Friday, December 16, 2011

Education is About Providing Opportunities

Today my son missed a once in a lifetime opportunity to tour a top secret government facility where his father works everyday to protect our nation and the world from threats to our freedom! He missed this special STRATCOM open house because of Nebraska's new "truancy" law that would have counted the day unexcused, something we could not risk. Yet another example of the small ways this law stifles our children's opportunities and diminishes our freedoms.

This week at a special Judiciary Committee executive session, Omaha South High School Principle Cara Riggs, said it is her job to “provide opportunities for success” for her students.  Cara went on to explain that the classic definition of truancy just doesn’t work anymore. She was clear that she believes it is unacceptable for kids to miss school for any reasons other than serious illness. When questioned later by Sen. Amanda McGill about kids who miss school to participate in educational and enrichment opportunities that can only happen outside of school she said, “You're either there or you're not, people!!”

Today my son was there, in school, despite the fact that in his mother and father's opinion he should have been touring SRATCOM, where his dad has worked for 8 years. In that time we have never seen his office, never walked the halls of the building where everyday hundreds of soldier and civilian government employees go to work in our city to protect the Globe from looming dangers. How many of us realize this, how many of us appreciate what they do for us? While I was there I felt sad that I had not brought my 13 year old boy, that he was missing out on a fantastic opportunity to see the incredible efforts that are made to protect his freedom everyday. I am just kicking myself, that I let my mother's judgement be supplanted by the judgement of men like State Education Commissioner Rodger Breed and Senator Brad Ashford.

Sen. Ashford's own webpage defines truancy as “unexcused absences in public schools.” In his words, “One of the first signs that can predict a path of trouble for many youth is their absence from school (other than for parent-excused absences and illness).” Why then has his law made my son's parent-excused absence count as truancy? If his public statements reflect his personal beliefs then he should have absolutely no objection to restoring the true definition of truancy to the state statute and shield kids with excused absences from having dealings with county law enforcement in any way.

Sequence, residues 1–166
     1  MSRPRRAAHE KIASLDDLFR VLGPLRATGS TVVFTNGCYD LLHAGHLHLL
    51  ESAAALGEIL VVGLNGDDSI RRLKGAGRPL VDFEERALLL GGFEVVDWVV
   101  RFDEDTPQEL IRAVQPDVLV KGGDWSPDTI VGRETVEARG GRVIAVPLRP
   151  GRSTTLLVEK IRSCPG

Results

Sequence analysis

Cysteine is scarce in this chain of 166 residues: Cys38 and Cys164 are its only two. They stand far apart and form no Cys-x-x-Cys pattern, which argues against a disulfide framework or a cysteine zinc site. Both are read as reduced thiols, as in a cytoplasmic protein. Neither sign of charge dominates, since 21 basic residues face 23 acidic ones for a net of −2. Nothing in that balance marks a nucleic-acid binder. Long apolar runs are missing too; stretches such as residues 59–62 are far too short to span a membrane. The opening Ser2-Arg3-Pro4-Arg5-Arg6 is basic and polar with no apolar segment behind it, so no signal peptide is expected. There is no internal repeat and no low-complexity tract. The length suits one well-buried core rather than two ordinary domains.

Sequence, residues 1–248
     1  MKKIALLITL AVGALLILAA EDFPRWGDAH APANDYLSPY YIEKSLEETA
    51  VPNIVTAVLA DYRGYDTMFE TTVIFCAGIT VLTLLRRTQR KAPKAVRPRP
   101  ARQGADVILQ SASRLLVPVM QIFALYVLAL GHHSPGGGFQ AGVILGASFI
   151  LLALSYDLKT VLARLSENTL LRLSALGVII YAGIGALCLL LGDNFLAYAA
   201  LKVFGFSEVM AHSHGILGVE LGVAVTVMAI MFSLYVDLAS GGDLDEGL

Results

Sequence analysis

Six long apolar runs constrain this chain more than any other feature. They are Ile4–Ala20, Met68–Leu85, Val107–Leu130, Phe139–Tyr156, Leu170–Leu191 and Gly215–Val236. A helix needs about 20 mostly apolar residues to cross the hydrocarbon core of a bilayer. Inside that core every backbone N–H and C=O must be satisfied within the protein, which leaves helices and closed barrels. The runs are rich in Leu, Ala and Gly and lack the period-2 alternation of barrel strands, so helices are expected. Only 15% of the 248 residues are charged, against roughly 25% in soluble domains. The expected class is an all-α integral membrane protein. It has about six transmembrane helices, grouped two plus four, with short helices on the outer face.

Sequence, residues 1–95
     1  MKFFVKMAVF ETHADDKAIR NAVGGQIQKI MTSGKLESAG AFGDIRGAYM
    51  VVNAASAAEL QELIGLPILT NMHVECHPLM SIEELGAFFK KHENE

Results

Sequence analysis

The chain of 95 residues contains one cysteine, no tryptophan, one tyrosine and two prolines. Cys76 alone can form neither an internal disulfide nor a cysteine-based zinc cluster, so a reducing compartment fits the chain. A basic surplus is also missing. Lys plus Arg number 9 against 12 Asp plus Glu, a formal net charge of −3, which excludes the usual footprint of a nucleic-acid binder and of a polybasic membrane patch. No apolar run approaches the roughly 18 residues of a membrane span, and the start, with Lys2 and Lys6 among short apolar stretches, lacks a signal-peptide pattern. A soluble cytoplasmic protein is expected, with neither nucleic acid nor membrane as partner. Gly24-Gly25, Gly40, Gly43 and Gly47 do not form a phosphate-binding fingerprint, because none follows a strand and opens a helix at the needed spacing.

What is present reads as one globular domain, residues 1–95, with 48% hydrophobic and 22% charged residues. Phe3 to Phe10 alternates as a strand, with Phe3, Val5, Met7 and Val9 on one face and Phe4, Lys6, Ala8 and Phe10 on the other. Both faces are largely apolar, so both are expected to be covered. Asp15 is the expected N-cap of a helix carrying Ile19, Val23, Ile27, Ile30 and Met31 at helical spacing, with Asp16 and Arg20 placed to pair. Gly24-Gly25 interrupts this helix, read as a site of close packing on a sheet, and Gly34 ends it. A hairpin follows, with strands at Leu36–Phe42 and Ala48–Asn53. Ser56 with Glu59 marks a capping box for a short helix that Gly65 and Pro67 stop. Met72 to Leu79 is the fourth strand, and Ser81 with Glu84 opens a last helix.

As the law is written now, it is too risky to allow my child this type of enrichment activity during school hours. For the sake of all our kids I hope that we can agree on this basic premise, that parents have a fundamental right to direct the upbringing and education of their children and that they do not forfeit those rights upon enrollment of their child in public school. They are not required to sacrifice the well being of their children to provide educational opportunities to other children.

I am not asking for public officials tasked with the protection and welfare of children to repeal the law. I am not asking society to turn a blind eye to the plight of children who are failing to receive an education. I am not asking them to scrap the coordinated efforts to provide earlier interventions in cases that will likely lead to academic failure or worse. But I am asking them to restore the true definition of truancy and place more trust in the good old Nebraska common sense of parents.

I believe we can preserve parental authority, reach "at-risk" truants, protect honor roll students, protect students with health issues, and navigate the many special circumstances that exist among our youth. We can't do it perfectly, but we can make a worthwhile effort. I find myself wondering why intelligent people like Governor Heineman, Sen. Ashford, and Education Commissioner Rodger Breed can’t see that there is a simple way to correct course and still extend help to those in need without punishing the majority of hard working, play-by-the rule Nebraskans.

Whatever the challenge that must be addressed, whatever the needs that must be met, we must be certain that any law has as its priority, the protection of the innocent. Whatever good is extended to those in need, whatever services are provided, the law must first protect the innocent and the freedoms of individual families or it is a bad law.

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